Kaler then spoke of the “achievement gap” or the academic performance gap between racially diverse student populations. He surprised the group by saying that Minnesota had the third highest, trailing only Michigan and Wisconsin. This prompted later conversation on possible reasons, but Kaler did not suggest any. He did mention that in early childhood education, the first three years are the most critical and that it is important to engage the very young in conversation. This can be reading to the child, but I think it is equally important to engage in conversation. We should be able to do this.

The mornings talk covered Lincoln’s focus on education, government’s decline in support for education and the importance of early engagement in the educational process.
I found this discussion to be most important as it indicated that Eric Kaler is continuing the work begun by Justin Morrill and Abraham Lincoln. We should all hope he succeeds, and I think he will.

Tubby Smith Gets Fired- Is this the right move?

Norwood Teague is the new athletic director at the University of Minnesota who just fired a fairly famous coach yesterday. His action is proper for the following reasons.  A coach is judged by how well he coaches. This is determined by the improved perfomance of individual players during the player’s career. Smith’s players didn’t seem to get better. Strike one. 
Players own the first half of a game and coaches, by making moves, control the second half. Smith’s teams were often ahead in the first half and got beaten in the second half.  Briefly, he got out coached. Strike two.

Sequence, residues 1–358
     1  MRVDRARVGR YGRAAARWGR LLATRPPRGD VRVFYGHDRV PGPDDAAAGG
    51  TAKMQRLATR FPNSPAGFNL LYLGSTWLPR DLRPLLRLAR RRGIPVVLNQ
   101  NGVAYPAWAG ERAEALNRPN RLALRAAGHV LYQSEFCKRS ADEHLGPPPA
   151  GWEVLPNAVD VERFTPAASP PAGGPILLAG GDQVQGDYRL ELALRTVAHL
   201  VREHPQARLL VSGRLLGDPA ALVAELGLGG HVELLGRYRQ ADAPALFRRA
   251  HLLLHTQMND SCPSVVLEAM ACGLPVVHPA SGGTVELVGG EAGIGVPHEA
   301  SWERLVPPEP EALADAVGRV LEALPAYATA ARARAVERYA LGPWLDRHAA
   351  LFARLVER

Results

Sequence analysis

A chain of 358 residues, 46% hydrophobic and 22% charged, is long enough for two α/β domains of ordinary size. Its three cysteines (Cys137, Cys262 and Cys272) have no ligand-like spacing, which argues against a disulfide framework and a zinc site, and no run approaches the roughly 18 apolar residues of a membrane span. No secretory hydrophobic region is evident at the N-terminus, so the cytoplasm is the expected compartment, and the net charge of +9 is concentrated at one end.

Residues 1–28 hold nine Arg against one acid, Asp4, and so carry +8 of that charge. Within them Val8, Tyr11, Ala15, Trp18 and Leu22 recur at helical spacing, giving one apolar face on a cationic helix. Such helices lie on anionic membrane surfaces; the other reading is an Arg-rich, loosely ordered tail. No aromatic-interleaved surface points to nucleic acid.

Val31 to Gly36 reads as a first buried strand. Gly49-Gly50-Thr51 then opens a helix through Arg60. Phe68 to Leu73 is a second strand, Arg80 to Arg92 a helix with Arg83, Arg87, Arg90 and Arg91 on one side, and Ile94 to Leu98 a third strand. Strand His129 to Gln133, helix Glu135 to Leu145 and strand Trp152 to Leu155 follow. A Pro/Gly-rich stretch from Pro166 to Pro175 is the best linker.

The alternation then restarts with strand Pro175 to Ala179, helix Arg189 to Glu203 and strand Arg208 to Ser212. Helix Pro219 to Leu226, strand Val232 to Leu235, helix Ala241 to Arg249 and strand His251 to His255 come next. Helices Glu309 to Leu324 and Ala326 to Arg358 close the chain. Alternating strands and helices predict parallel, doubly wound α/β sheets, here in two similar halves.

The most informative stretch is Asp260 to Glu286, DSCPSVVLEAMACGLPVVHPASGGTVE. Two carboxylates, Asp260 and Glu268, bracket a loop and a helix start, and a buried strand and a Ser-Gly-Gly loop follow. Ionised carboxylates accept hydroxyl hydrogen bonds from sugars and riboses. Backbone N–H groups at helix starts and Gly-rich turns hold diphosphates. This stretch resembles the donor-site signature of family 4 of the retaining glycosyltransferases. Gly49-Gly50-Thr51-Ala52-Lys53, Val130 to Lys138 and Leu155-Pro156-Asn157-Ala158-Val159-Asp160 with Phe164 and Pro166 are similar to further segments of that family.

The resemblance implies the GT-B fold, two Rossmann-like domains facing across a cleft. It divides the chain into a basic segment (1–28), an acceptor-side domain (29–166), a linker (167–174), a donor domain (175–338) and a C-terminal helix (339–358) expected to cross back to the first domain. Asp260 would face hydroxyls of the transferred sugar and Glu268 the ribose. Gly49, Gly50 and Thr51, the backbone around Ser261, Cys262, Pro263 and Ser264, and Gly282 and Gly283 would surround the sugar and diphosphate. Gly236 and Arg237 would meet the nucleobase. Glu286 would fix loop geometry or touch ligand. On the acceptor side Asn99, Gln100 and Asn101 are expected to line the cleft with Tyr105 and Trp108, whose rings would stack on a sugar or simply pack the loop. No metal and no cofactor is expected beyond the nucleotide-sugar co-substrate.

A coach must run a program that can compete in the conference or league. Smith’s teams could not win in the Big Ten. Strike three.
Norwood Teague has made the correct move and now needs to find a coach that can achieve the three goals set out above for a coach.
I suspect he has someone in mind.

The State Hockey Tournament

This is the day that the boys hockey champions are to be determined with class 1A game at noon and the class 2A at 7PM. All games are played at the Xcel Center, the Wild’s home ice. Attendance yesterday for the 2A semifinal was 19,351, a sell out, and such is the level of interest in these magnificent games.
In semifinal games, Hermantown beat Breck in double overtime, 3-2 and will play St. Thomas winner 11-0 over East Grand Forks. Experts say St Thomas is the best team in the state, even though it plays in 1A, the small school division. It may move to 2A next year. The exciting 2A games saw Hill-Murray beat Wayzata 3-2 and Edina beat Duluth East 3-2. The Hill Murray game ended with the last Wayata shot bouncing off the goalie with. 4 seconds remaining. It seems the theme song for these games is Tom Perry’s “I Won’t Back Down.”
I grew up in a non hockey area and was only introduced to the hockey tournament by accident in the 1970’s when a friend suggested we go to a game. From then on, I ‘ve been hooked and have invented excuses to be there. I was compelled to attend games earlier but now they are streamed on prep45.com so I can watch the games worldwide.
It is now two hours before game time, so I need to get some stuff done, because nothing will keep me away from the 1A game at noon,

Update: St. Thomas won 5-4 with a power play goal with 6 seconds to go. It is their third straight and now they move to class 2A. This is the Minnesota State High School League concept of the English promotion and relegation scheme. So far, no 2A team has been relegated to 1A. The MSHSL doesn’t actually have a promotion and relegation scheme, but it is something to think about!

Final update: Edina beat Hill=Murray 4-2 to take the 2A crown. The deciding factor was the Edina goalie and the Hill-Murray habit of hitting the pipe. I guess the two go together. All in all, the hockey gods decided it was an Edina evening.